Earlier this week, we reported that Junee Licorice and Chocolate Factory was selling sexist "Bottle of Boobs", a container of chocolates in the shape of women's disembodied breasts. After initially defending the product, claiming a portion of the profits from the Bottle of Boobs was donated to breast cancer charity, we are pleased to announce the company has now pulled the product.
Our campaign was featured in a story on news.com.au:
Collective Shout spokeswoman Caitlin Roper told NCA NewsWire the chocolatier had reduced women to sexualised parts “for literal consumption”.
“This is an example of everyday sexism and the casual dehumanisation of women,” she said.
“It’s not about offence … it’s about the known, established harms of objectifying women.”
Ms Roper said sexualising breasts to raise awareness about cancer only served to trivialise the issue and reduced women’s worth to having perky breasts, rather than it being about saving women’s lives.
She further noted there were many breast cancer survivors who had endured mastectomies.
“So that is quite a slap in the face,” she said.
Collective Shout supporters have used social media to weigh in on the debate, expressing outrage towards the chocolatier.
Melinda Liszewski wrote: “These companies use breast cancer charities as a way to boost ‘awareness’ of their brand, not the other way around as they claim. This is self evident – if they cared about women’s lives they would not sexually objectify us.”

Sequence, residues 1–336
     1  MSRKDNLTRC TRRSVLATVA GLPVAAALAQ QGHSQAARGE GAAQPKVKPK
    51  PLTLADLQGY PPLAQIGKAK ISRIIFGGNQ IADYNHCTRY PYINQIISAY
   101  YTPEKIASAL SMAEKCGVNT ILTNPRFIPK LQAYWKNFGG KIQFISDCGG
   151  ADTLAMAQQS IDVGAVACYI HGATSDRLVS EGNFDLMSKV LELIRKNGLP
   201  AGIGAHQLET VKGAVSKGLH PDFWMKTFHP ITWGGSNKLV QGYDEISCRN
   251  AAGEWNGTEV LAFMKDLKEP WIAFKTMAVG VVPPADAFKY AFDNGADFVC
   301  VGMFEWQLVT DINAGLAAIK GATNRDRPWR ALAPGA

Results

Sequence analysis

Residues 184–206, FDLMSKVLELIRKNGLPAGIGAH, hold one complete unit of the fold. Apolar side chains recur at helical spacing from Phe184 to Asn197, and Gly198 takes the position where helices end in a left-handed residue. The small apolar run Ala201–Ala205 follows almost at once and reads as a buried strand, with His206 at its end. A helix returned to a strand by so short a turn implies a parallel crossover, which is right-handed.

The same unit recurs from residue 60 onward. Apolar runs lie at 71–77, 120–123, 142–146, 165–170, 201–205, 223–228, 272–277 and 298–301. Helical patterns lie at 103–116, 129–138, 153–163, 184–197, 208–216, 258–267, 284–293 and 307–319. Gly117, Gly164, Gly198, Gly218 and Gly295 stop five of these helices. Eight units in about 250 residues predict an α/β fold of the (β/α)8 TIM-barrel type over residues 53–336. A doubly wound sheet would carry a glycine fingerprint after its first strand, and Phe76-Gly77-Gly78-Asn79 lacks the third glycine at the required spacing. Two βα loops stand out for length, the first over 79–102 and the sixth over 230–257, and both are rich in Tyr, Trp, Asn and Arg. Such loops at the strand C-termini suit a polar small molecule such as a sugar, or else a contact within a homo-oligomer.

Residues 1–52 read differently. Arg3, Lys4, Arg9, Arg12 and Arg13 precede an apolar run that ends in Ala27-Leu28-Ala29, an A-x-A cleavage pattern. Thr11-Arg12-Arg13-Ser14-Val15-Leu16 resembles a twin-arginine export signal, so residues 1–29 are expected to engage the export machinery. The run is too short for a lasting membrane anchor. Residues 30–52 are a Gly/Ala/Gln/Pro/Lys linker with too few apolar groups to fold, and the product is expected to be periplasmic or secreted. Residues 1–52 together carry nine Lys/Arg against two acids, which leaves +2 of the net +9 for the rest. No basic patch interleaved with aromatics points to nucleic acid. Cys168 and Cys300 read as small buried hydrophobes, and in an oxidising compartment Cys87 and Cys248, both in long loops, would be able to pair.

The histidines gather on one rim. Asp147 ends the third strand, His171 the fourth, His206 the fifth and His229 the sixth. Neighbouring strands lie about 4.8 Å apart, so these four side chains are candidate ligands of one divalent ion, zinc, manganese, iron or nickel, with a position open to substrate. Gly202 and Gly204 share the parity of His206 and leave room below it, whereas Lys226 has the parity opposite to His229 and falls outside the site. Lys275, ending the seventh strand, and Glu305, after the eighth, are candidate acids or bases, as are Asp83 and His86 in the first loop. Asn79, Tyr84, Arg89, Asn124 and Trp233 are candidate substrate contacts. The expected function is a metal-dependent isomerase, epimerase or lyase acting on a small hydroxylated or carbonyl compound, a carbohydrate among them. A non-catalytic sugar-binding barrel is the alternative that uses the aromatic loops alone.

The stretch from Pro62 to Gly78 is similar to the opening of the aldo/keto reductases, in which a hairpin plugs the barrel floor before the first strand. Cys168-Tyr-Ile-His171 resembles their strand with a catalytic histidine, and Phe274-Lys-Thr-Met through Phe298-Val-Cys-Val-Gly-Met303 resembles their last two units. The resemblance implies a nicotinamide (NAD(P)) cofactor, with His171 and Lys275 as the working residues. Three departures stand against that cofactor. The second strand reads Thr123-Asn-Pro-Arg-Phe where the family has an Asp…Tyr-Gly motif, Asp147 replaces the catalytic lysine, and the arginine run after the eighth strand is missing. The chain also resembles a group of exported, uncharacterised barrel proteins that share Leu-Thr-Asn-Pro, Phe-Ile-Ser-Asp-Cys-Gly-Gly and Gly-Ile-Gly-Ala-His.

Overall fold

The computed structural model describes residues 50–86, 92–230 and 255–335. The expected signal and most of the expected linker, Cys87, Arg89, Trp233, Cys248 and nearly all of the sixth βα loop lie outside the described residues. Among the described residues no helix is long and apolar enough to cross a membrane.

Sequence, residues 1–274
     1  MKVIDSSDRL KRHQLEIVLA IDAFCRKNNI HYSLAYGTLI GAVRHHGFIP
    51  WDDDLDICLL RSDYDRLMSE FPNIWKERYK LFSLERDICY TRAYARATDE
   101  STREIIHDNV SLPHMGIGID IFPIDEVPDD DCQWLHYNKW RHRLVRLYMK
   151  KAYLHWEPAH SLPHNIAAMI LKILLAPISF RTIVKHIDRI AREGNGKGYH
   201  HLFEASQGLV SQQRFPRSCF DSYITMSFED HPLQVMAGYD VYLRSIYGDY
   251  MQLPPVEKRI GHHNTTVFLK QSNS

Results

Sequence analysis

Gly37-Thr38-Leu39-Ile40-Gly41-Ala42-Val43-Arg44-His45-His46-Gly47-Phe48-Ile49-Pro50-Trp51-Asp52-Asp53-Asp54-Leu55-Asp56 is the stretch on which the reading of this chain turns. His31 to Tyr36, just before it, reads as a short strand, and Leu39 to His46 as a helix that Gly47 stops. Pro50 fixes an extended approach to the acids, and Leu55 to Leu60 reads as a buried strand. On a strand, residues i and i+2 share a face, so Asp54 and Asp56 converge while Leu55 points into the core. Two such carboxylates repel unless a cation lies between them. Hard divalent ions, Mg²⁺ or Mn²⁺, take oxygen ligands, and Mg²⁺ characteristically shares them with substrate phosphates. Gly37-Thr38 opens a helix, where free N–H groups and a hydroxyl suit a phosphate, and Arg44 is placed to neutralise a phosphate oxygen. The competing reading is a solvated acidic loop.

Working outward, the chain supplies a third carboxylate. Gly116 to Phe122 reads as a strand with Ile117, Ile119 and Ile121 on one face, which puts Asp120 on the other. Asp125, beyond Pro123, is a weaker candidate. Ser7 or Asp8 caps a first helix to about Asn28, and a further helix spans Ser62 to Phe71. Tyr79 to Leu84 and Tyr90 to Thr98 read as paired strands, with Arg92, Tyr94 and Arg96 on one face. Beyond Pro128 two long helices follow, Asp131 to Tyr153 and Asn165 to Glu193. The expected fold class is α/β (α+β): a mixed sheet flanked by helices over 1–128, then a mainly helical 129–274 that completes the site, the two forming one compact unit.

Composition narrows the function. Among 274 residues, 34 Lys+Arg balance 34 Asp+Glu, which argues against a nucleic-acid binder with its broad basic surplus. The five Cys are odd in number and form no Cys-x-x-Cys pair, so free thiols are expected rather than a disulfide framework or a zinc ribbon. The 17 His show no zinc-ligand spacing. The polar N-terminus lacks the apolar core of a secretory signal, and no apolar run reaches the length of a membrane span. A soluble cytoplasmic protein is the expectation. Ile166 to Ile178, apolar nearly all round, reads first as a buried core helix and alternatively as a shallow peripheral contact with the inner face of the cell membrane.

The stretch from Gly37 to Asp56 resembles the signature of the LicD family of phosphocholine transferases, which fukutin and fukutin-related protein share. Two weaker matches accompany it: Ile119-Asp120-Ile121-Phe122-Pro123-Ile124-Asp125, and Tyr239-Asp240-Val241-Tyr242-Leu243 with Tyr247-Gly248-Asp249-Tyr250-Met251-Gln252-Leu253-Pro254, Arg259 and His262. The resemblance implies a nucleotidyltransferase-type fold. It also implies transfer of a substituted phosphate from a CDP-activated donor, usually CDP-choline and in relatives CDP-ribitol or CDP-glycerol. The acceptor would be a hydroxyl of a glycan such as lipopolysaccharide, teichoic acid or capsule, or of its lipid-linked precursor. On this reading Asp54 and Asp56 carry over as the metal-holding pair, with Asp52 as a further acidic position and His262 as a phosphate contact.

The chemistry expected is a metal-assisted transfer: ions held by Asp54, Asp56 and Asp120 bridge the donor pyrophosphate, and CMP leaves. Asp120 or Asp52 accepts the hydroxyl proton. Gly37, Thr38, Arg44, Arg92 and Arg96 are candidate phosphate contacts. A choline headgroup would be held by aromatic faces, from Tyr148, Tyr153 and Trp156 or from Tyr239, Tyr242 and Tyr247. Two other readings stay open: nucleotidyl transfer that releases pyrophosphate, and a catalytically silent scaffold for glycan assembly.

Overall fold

Renee Chopping posted: “Junee Licorice and Chocolate Factory have demonstrated a refusal to see this for what it is – appropriating women’s body parts for $$$. Just because a portion of the profits are being donated doesn’t make this OK.”
Breast cancer survivors also welcomed Junee Licorice and Chocolate Factory’s decision to pull ‘Bottle of Boobs’ product from sale. Among those condemning it were breast cancer survivors including Angela Jones.
Angela said she and other survivors she knew were pleased to learn the company had today withdrawn its “Bottle of Boobs".
“There is nothing funny or sexy about breast cancer,” Angela said. “When I first saw the product I thought – that’s a bachelor party or brothel pillow treat not a breast cancer awareness fundraiser.”
Angela said she had searched the company’s site and social media pages and could find nothing about money from sales of the disembodied chocolate breasts being donated to breast cancer charities. But even if this was the case, it made no difference to her.
“Survivors like me are sick of seeing perky and intact representations of breasts sold under the guise of breast cancer fundraising. It’s always porn breasts, never real breasts. There are so many other ways they could have raised money for breast cancer prevention and treatment. They didn’t need to create the ‘Bottle of Boobs’ to achieve that. Any of their other quality products could have been used for the same good purpose,” Angela said.
“I thank the company for listening to the criticism and deciding to withdraw this product.”